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RE : Securing DNS Server
From: Bourque Daniel <Daniel.Bourque () loto-quebec com>
Date: Tue, 5 Nov 2002 13:00:03 -0500

Your external DNS should not be a secondary of your internal server.  It
should be a separate DNS with only the informations about your DMZ servers
and MX record.

You should work in split DNS mode.  Your internal DNS have the informations
about the internal AND DMZ server.  Your DMZ DNS only know about your DMZ

Why your DMZ need access to the root DNS?  Because your mail server need to
know what my e-mail server address is....

-----Message d'origine-----
De : Michael Vaughan [mailto:list () predator-hunter com] 
Envoyé : 4 novembre, 2002 15:50
À : 'Naman Latif'; 'security-basics'
Objet : RE: Securing DNS Server

Hash: SHA1


If I am not mistaken, the DNS server in the DMZ should be a SECONDARY
IE: a non-writable database.  Furthermore, the DNS server on your internal
network should be the primary giving ONLY appropriate information regarding
the location of external services. IE: not allowing DNS zone transfers
except from specific servers...etc. 
Essentially, the external DMZ server services external requests for
resolving services offered in the DMZ ONLY and the internal DNS server
(Primary) offers services to internal clients for resolving outside sites &
services.  My question is why would you be allowing ANY outgoing connections
from your DMZ DNS server to external root servers other than what is on your
site? If you have other services located at other locations...you can add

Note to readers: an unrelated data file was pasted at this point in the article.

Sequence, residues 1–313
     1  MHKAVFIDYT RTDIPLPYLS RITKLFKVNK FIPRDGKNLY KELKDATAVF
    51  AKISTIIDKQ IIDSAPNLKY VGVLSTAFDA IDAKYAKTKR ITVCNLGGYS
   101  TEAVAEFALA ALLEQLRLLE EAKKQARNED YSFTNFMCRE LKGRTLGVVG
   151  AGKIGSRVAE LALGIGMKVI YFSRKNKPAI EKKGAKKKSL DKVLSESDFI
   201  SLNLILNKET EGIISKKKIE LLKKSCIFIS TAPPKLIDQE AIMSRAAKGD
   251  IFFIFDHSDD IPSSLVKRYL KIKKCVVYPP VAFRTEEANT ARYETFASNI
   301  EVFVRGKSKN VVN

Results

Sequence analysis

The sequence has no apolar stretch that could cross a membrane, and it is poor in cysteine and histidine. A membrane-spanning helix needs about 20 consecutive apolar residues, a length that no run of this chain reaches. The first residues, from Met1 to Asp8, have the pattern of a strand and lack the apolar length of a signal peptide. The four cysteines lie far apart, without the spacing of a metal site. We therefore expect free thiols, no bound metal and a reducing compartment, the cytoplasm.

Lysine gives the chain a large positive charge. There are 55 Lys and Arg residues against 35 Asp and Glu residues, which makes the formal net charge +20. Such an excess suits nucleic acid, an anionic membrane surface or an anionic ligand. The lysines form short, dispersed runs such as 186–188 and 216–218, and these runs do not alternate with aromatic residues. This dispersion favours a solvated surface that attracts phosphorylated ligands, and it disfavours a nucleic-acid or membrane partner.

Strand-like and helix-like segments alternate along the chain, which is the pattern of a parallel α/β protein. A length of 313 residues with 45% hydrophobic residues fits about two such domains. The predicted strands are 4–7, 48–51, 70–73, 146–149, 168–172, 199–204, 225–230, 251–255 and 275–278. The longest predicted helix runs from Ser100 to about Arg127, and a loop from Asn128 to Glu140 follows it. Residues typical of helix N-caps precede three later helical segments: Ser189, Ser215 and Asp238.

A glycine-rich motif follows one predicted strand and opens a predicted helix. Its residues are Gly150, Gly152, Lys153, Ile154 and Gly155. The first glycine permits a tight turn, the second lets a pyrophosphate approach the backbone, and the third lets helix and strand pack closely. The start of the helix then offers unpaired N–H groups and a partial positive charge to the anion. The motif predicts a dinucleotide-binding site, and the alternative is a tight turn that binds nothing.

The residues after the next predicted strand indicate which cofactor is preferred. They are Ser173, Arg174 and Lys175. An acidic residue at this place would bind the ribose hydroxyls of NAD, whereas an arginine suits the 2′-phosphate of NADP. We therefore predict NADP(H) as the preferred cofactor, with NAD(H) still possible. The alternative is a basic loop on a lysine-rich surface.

those to the DNS manually or through zone transfer. I would propose that the
DMZ DNS server should ONLY resolve your DMZ services and no one else's. IE:
Why would I want someone using my DNS server externally to resolve yahoo?
Basically I am saying that if the service can not be resolved externally to
your site(s) then it should fail. Your internal DNS server would service all
of your internal clients and would not be accessible from external sources
period.  There are notable exceptions depending on your requirements but am
I missing the point of your question?  I am assuming you have a DMZ and you
are in NO WAY allowing anyone to connect to your internal network directly.
Is that correct?

- -Michael Vaughan
mvaughan () predator-hunter com

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- -----Original Message-----
From: Naman Latif [mailto:naman.latif () inamed com] 
Sent: Friday, November 01, 2002 7:31 PM
To: security-basics
Subject: Securing DNS Server

I am trying to restrict Access to our DNS Server from Outside using a Cisco
IOS Firewall. Initially we only had Port 53 Access to this Server from
outside. But it turned out that when our DNS Server has to query a root name
server, it sends out a UDP query with a random higher (>1023) source port
number, which means that I will have to open >1023 Ports access to this
server from outside. In this situtation How do I protect my DNS server from
outside attacks on higher port numbers ? Is there a range of Source Port
numbers that a BIND DNS server would use, when querying outside servers ?

Version: PGP 7.0.4


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